There's loads of possibilities here, your builders probably your best option to start with as information gathering point.

Good luck

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elaine
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Postby elaine » Tue Jul 08, 2008 1:02 pm

Hi,

we have a problem on some internal walls. The paint has flaked off but appears to have been pushed off by a sort of white fluffy mould that we cannot get rid of. We had one wall stripped and re-plastered and painted but it has still come back. One wall is in a hallway prone to condensation, but we also have 2 patches on our kitchen walls that do not have any condensation problems.

We were told to keep spraying the walls with Savo, which we did. However, as soon as we stop and leave the walls for a short time the paint starts flaking off again!

Does anybody have any ideas what this could be and how to cure it?

Many thanks,

Elaine.

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jinx57
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fungal isssues?

Postby jinx57 » Tue Jul 08, 2008 1:37 pm

Hi Elaine,

What is the wall sitting on? Your problem could be rising damp.

You could inject the wall (make holes about 9cm apart) with a damp proofing foam that fills up all nooks and crannies, smells disgusting and is administered by its own pump (same way as foam filling round windows)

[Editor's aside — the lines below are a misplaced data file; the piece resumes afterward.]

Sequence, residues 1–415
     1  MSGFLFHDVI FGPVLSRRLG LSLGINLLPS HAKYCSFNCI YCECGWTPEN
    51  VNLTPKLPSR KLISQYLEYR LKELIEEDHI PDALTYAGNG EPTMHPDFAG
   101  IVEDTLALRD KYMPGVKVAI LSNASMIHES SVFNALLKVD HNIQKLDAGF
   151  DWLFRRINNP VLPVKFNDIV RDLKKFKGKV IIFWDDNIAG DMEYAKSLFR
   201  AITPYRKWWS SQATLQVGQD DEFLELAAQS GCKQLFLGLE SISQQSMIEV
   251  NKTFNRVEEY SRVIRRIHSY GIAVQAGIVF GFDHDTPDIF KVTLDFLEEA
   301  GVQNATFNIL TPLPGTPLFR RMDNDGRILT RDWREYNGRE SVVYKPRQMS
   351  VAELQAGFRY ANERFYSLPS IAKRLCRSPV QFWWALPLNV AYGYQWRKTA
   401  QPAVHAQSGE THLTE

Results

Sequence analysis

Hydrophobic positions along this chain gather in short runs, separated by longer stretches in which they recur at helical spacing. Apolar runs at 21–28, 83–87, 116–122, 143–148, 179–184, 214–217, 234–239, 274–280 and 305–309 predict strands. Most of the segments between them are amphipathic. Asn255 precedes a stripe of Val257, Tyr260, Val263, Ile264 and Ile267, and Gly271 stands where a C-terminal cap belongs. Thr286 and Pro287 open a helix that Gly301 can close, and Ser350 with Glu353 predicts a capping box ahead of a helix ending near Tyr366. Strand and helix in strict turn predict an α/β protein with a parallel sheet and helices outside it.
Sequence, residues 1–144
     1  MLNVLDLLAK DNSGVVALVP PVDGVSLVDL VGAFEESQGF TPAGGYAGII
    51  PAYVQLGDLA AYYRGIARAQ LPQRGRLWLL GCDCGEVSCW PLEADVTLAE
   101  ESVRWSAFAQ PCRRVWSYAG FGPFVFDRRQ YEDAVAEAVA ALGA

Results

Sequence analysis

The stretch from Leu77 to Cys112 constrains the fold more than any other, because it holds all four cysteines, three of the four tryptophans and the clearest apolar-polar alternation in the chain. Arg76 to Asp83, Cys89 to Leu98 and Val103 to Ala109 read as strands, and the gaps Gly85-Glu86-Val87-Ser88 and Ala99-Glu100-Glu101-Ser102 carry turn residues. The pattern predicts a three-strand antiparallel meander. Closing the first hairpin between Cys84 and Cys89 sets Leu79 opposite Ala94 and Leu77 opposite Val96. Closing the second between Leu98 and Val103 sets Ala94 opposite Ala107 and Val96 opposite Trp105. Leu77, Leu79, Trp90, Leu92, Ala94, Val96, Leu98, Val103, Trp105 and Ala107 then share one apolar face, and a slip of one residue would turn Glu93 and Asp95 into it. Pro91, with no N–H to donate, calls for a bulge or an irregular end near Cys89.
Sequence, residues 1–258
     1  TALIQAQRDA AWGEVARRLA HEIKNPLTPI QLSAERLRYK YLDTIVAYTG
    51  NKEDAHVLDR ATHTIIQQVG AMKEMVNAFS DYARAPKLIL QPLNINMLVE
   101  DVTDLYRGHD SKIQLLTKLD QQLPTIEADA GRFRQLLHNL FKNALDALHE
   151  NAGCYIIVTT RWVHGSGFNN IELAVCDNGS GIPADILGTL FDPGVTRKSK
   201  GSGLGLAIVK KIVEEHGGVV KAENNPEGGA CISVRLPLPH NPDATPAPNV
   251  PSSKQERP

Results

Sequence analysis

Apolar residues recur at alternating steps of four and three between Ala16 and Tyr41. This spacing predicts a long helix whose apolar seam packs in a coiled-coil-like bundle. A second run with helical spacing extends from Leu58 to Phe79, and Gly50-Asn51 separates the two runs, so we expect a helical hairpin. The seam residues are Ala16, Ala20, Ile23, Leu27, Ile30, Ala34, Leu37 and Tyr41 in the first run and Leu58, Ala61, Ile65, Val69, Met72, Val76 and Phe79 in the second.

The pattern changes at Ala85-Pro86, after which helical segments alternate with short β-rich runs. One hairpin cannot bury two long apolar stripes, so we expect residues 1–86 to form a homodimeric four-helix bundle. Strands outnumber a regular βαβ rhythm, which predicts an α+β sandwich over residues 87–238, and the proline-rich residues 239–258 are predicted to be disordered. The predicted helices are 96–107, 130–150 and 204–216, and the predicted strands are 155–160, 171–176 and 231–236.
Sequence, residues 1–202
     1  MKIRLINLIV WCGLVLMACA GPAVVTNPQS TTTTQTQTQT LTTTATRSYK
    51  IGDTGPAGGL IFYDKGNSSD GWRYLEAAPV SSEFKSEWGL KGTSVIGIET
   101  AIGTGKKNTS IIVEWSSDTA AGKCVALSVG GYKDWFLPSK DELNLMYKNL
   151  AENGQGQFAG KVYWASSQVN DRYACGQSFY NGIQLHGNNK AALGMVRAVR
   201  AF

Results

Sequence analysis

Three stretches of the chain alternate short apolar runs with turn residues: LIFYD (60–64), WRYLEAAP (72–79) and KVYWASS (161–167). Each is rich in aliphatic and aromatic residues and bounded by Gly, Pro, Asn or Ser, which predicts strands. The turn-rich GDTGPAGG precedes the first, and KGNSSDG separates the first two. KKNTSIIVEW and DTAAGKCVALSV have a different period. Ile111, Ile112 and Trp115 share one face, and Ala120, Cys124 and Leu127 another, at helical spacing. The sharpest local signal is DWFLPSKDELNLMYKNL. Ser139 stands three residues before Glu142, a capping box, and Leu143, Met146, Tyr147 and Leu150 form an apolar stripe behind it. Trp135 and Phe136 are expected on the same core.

Is the wall a downstairs one and is it NOT load bearing? if so, you could put a slate course in at floor level this would be impervious to moisture.

Could be done on load baring wall too but would need to be professionally done and could be very costly.

doesn't sound so nice .... Is there a fungal stop available that actually destroys the fungus at source rather than treating the mold? Mr Bricolage might be a source.

If the product you need is not available in Bulg, there's folk who drive over for the summer holidays who would surely help by bringing you what you need. Otherwise maybe online ordering and DHL?

Sure you'll get a load of advice from other folk, let us all know how you get on please!

Good luck.

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elaine
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Postby elaine » Tue Jul 08, 2008 1:44 pm

Thanks for that.

We will have a good look again when we go out in a couple of weeks.
We could not find any mould treatments last time we were there which is why our builder told us to use Savo. We will have a look to see if there is anything in the UK we can take over with us.

It may be that we have to consider a damp course.

Thanks again for your help.

Elaine.x

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Nosmo_King
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Postby Nosmo_King » Tue Jul 08, 2008 1:56 pm

It will certainly be rising damp . The white mould can come from the lime mortar used in Bulgaria . Savo , i believe is just bleach , will not do any long term good , or harm.